I once had to follow a speech by the famous sexologist Doctor Ruth.
I was in her audience because I didn’t want to miss her talk and thus was late to my own speech, as it would take place in a smaller venue a short jog away.
Do not follow Dr. Ruth. She’s hilarious, and she’s talking about the No. 2 fascination of the species (after Internet cat videos).
Also, don’t arrive at your own speech late and out of breath.
I began my speech with more than the usual number of disfluencies—what are commonly known as verbal slips. I was “umming” and “ahhing” through the opening of my speech when a nice Southern woman sitting in the front row raised her hand.
I almost didn’t call on her, because I was only 45 seconds into my speech, but I thought I might be able to catch my breath a bit better, so I said, “Yes?”
She said, “So, ya’ll call yourself an expert on public speaking, right?”
I knew this was not headed in a good direction, but what could I do? She had me. If I said no, then why was I giving a presentation on public speaking? If I said yes, well, here’s what happened.
“Yes?” (Note the rising intonation, denoting a lack of confidence and a high degree of uncertainty.)
“Well, I’ve counted 6 ‘ums’ in the first 30 seconds of your speech, so how can you call yourself an expert?”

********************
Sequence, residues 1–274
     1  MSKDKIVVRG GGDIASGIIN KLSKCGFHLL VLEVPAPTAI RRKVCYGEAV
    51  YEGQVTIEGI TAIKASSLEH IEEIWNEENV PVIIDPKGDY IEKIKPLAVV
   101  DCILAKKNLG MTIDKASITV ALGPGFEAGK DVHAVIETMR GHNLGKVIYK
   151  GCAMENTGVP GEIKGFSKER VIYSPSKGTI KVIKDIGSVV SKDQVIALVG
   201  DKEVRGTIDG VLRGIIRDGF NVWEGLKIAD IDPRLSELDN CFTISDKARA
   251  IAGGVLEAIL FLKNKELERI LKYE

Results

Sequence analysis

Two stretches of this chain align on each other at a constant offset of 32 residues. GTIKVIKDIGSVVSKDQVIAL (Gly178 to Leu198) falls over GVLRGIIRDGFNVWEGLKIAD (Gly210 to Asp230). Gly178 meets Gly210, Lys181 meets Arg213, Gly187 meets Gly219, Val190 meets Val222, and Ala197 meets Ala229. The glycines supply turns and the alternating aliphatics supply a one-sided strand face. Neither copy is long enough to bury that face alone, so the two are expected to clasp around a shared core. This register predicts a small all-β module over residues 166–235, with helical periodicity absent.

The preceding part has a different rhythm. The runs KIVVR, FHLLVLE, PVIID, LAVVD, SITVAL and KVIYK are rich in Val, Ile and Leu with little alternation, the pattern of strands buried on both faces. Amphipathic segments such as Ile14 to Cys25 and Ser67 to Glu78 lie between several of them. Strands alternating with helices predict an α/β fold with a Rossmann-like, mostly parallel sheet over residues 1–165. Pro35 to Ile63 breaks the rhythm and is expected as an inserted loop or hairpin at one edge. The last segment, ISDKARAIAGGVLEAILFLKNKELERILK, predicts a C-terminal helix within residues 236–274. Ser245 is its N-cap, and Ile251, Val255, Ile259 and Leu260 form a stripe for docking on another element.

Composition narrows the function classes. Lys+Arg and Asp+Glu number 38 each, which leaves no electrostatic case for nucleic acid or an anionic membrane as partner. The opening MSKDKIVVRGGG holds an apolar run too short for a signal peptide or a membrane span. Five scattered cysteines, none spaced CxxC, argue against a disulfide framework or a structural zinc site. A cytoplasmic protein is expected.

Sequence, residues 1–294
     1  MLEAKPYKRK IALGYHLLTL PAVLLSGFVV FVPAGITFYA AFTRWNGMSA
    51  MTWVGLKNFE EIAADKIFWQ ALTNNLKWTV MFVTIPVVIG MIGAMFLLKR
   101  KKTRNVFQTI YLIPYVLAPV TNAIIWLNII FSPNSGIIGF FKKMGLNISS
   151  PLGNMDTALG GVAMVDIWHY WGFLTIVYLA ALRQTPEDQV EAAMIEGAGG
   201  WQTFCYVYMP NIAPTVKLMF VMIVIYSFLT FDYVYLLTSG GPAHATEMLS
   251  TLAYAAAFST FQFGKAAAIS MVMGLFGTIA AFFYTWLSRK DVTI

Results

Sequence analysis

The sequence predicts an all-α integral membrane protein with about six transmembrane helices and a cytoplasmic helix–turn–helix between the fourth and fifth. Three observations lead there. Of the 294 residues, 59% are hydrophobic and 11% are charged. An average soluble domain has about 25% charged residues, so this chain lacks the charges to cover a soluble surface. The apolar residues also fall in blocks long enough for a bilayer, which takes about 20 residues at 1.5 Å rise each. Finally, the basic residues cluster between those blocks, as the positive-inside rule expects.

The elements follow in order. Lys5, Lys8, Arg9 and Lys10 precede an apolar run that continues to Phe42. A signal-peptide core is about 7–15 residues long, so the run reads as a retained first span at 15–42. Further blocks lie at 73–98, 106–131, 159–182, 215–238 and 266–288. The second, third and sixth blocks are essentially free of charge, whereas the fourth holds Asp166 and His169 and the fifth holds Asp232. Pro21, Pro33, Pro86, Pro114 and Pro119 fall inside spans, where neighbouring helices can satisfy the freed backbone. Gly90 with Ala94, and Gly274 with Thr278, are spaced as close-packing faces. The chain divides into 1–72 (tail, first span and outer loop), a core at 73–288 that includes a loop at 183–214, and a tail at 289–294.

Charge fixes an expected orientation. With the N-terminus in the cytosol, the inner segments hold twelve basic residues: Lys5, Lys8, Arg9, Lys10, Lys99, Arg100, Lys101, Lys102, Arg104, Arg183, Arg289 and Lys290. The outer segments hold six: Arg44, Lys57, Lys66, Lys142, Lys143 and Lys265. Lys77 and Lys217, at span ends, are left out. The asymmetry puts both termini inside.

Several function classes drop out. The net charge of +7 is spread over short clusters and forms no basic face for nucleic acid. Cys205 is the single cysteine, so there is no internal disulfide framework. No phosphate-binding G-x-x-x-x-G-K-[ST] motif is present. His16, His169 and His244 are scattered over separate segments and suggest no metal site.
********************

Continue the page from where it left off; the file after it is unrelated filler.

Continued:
I thought: Oh, crap. I said to the audience: “How many other people here noticed all those ums and found them distracting?”
In my desperation, I had stumbled on the best response. Always crowdsource your answer when the questioner has you over a barrel.
The audience all said they hadn’t noticed. That allowed me to catch my breath, finally, and point out that ums and ahs were a problem only if people noticed them and they became an obstacle to comprehension.
Everyone seemed happy with this answer, it shut up my hostile witness, and I was able to complete the speech.
More help than hindrance
Now I have a further set of reasons as to why disfluencies—the ums and ahs—are not only not a problem, but actually helpful.
New research shows that these hitherto scorned slips of speech perform three useful functions:
1. They stall things for the speaker, allowing her to think about what to say next.
2. Because everyone knows that the speaker is stalling for time, we tend to listen more attentively to what’s coming next, assuming that it is more thoughtful than what has come before. So we rate the expertise of phrases that follow an um more highly than other phrases.
3. Because we’re listening more carefully, we understand what follows an um better and remember it more clearly than other utterances.
So the next time you’re inclined to criticize a speaker who is using ums and ahs, refrain. You’re actually understanding that speaker better than you were before.
Disfluencies may be coming soon to a robot near you, by the way. Because ums and ahs improve both speed of comprehension and retention, experimenters are beginning to study the idea that our bionic friends should talk to us in the same way as us clumsier humans—in order to be better understood.
Thank you, Dr. Ruth.
A version of this article originally appeared on Public Words.